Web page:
Many of the Dexter’s innovations were subjected to patent protection but unfortunately with the decline of the furniture industry in Wycombe, which remained Dexter’s core market, the company slowly slid downhill. It finally closed its doors in December 1982, after 102 years.


Training elements of the Royal Field Artillery were based in High Wycombe during WWI, and therefore soldiers were billeted in the town throughout the war.

The appreciation which these soldiers had for their time in Wycombe is shown by the following letter which was published in the Bucks Free Press on February 7th 1919 under the heading ‘Wycombe Billets Appreciated’.

“Miss D. Sutton (daughter of Mr T.C.Sutton of High Wycombe), who is a staff nurse at one of the Military hospitals at Salonika, in a letter written to her parents, says – It would please the inhabitants of the town very much indeed to hear the Salonika Force speak of their generosity to them while they were there for training.

“Men who have not known that I knew anything about the town have told me how much they are looking forward to being in Wycombe again, and to meeting some of the many friends they made there.

“It is indeed a record for any town to be proud of and I wish that all the townspeople could know about it. The boys will talk for hours about the days they spent there, and the manner in which they were welcomed at their billets.”

Miss Dorothy Sutton was the daughter of Mr Tom Corby Sutton, a chair manufacturer who lived with his wife Mary and children at Hillside 13 Conegra Road, High Wycombe.

The family had two sons who both served during the war. Their eldest Vere, who attended the Royal Grammar School, was a Gunner in the Royal Engineers, and Noel served in the RAF. Both seem to have survived the war. Tom Sutton’s factory in Union Street, Newlands, High Wycombe suffered a destructive fire in June 1912, which despite being attended by the Volunteer Fire Brigade spread to the adjoining premises of E. Mealing.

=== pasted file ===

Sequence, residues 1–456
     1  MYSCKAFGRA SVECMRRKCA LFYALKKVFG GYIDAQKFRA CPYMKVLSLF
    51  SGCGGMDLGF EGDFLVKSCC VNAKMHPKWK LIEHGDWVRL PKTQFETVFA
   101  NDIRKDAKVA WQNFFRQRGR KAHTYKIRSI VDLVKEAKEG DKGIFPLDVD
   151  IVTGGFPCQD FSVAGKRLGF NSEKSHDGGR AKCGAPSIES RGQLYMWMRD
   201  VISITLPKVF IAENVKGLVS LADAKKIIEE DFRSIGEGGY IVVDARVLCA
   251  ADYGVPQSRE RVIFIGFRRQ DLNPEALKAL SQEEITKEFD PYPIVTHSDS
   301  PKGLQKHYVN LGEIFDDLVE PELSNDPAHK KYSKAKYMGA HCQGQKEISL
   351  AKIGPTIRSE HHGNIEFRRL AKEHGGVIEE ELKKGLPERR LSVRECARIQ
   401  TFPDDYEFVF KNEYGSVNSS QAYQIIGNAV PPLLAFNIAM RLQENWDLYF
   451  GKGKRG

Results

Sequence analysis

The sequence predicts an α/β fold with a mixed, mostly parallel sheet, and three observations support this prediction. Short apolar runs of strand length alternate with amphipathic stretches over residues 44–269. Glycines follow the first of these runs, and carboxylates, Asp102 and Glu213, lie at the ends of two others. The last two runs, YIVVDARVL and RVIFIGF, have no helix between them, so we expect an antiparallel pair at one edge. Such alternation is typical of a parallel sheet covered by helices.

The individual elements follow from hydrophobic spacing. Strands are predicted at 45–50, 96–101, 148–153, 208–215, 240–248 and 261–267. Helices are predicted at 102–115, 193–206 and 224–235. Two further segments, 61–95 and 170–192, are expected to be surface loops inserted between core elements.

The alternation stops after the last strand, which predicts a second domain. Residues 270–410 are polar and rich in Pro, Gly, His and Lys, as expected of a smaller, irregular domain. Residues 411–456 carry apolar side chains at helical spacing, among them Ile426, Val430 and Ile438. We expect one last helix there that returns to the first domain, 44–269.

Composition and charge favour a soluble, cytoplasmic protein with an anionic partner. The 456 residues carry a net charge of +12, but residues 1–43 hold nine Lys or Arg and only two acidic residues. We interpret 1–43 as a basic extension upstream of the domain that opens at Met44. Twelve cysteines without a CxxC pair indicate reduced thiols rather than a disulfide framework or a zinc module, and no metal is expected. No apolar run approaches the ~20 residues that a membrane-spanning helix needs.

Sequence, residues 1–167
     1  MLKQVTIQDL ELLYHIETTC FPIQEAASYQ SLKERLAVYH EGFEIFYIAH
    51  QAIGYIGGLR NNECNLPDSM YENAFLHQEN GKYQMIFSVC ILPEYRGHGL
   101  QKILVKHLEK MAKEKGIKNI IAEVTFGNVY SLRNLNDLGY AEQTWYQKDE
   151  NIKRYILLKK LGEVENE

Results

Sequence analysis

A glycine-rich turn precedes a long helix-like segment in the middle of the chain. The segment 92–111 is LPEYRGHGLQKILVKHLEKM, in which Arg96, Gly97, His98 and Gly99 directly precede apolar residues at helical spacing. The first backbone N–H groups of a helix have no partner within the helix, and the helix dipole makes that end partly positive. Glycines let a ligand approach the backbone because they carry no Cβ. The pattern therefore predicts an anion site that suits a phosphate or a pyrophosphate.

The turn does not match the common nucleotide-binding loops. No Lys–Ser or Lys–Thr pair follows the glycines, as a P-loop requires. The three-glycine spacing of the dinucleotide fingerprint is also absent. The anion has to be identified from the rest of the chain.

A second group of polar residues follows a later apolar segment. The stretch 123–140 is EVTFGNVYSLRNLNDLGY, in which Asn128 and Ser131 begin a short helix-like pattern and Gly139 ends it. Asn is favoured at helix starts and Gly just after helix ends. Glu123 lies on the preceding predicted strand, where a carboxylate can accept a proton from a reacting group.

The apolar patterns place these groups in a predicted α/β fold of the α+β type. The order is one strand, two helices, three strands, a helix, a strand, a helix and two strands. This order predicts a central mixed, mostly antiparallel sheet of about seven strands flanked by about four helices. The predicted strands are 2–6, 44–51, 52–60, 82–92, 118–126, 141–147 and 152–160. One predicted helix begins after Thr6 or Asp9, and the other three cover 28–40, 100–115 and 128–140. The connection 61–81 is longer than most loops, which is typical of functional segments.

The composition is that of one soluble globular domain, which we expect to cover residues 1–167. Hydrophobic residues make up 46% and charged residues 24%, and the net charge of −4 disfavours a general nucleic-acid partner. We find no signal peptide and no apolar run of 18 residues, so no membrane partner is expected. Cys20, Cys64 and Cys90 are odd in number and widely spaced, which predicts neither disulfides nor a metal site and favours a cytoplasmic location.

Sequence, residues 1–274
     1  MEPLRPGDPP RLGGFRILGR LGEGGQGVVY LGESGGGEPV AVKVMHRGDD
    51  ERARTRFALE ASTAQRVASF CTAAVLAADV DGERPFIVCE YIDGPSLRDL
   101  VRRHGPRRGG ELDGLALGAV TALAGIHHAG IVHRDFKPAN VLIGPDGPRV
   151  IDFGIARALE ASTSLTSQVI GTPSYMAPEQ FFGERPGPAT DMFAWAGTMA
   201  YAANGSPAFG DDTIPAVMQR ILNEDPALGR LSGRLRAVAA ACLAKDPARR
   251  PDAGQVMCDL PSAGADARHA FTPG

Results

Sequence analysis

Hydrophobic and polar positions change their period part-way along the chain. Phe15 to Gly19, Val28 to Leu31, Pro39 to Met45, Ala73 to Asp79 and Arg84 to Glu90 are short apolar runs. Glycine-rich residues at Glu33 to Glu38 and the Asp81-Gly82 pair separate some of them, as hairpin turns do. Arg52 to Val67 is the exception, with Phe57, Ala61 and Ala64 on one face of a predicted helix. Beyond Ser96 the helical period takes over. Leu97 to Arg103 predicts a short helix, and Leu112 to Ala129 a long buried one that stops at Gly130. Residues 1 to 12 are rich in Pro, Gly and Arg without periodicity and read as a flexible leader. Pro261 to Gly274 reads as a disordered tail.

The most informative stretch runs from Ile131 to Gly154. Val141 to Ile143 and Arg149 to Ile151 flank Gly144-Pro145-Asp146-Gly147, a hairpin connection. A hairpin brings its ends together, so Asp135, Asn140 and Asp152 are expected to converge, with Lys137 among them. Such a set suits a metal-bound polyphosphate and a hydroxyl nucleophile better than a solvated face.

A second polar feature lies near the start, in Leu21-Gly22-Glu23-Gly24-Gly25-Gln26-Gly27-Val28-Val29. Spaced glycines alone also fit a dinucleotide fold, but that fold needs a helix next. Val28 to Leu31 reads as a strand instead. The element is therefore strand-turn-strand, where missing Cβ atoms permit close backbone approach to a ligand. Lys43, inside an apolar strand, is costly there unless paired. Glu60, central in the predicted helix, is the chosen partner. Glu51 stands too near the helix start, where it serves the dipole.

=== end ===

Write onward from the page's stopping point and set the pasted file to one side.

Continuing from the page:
In the article on women on the home front in the Nostalgia page on February 14th 2014 it was stated that local entrepreneur Aleck Stacey built ‘a large factory for the assembly of complete aircraft in Hughenden Avenue.’

As pointed out by reader Dave Scott this was incorrect. Dave writes ‘’The factory was actually built for "Wycombe Aircraft Constructors" and instigated by George Holt Thomas (of North Dean) and Walter Henry Healey (Chairman of the Wycombe Federation of Furniture Manufacturers) and supported by other of the town`s furniture manufacturers who were already making aeroplane parts.’’

Aleck Stacey’s involvement came few years later when he bought the factory in the early 1920s, after orders for the assembly of complete aircraft did not materialise following the end of the Great War.

Dave and his colleague Ian Simmons have written a book giving a comprehensive account of the history of aviation in the Wycombe area, and are now working on a second specifically on the achievements of George Holt Thomas.


The Flackwell Heath & Loudwater Local History Group in conjunction with the Flackwell Heath Royal British Legion has arranged a series of short talks which look at the impact of WWI on the two villages.

The first talk describes the villages as they were in the early 1910s, and this is followed by talks considering those servicemen who are remembered on the two War Memorials.

The final talk tells the stories of several of the many men from the villages who fought and survived the war. The event is being held at the RBL in Flackwell Heath starting at 7.30pm and tickets are available from there, or from Flackwell Heath Community Library.

For further information contact Mike Dewey on 01628 525207 or email him at